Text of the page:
EAP SSL Cert "Not Trusted"
Trevor at simple101.com
Thu Jun 15 21:53:19 CEST 2017
Thank you for that explanation. That has helped a lot to understand the
difference between the EAP and HTTPS certificate process and why private
signed is better than the public signed CA.
On Thu, Jun 15, 2017 at 2:14 PM, Alan DeKok <aland at deployingradius.com>
> On Jun 15, 2017, at 1:42 PM, Trevor Jennings <Trevor at simple101.com> wrote:
> > We've had EAP functioning well for the past 7-8 years and when the cert
> > comes up to renew, I've been asked why do we need to keep trusting the
> > certificate, so I am trying to find answers.
> You need to keep trusting the cert, because if you don't trust it, you
> shouldn't use it for anything.
> >> Do not use public CA certs for WiFi authentication. It's insecure.
> > So you are suggesting we should be using self signed certs instead of a
> > public CA?
> It's generally safer. For many reasons outlined earlier.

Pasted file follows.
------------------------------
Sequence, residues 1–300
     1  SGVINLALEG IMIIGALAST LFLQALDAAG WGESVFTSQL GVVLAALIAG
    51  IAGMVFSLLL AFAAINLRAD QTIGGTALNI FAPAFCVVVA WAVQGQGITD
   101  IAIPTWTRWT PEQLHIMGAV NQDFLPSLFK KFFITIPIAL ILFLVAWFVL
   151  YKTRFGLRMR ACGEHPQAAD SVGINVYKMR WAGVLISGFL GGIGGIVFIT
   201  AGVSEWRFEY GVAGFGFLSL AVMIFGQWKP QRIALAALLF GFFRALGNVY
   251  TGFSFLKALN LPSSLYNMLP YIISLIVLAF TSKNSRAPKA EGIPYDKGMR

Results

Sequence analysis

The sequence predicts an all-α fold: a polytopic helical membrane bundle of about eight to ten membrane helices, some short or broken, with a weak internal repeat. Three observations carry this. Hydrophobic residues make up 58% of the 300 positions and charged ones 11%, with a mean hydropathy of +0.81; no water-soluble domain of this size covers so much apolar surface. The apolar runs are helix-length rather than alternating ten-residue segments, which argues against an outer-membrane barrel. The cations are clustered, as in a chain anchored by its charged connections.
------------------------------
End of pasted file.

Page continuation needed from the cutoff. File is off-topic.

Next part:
> Most end-user systems now do "server cert pinning". This means that
> they keep a copy of the server cert on first successful authentication.
> They then refuse to connect if the server cert changes.
> It's not part of the specs, but it's arguably better than nothing.
> >> And no, the Apple devices do NOT already trust the Thawte cert for WiFi
> >> authentication. They trust the Thawte cert for web surfing, which is
> >> entirely different.
> > This is what I do not understand. The root certificate is the same for
> > and is sent as part of the EAP process along with the server
> certificate. I
> > know this sounds like a stupid question but how are these both different?
> EAP is different from HTTPS.
> That's the short answer.
> The longer answer is that EAP has a very different use-case than HTTPS.
> For HTTPS, you want to ensure that the web site you're connecting to is
> "known". i.e. trusted by the CA. But you are NOT giving it your
> password. You're downloading their web site.
> For EAP, you're not downloading data. You're handing the server your
> password. So you want to be sure that you're handing the password to the
> *correct* server. i.e. as server you know. Not a random server which is
> trusted by the CA.
> Do you "trust" both gmail and Microsoft enough to download web pages
> from them? Likely yes.
> Would you hand your gmail account passwords to Microsoft? Likely not.
> That's the difference.
> Alan DeKok.
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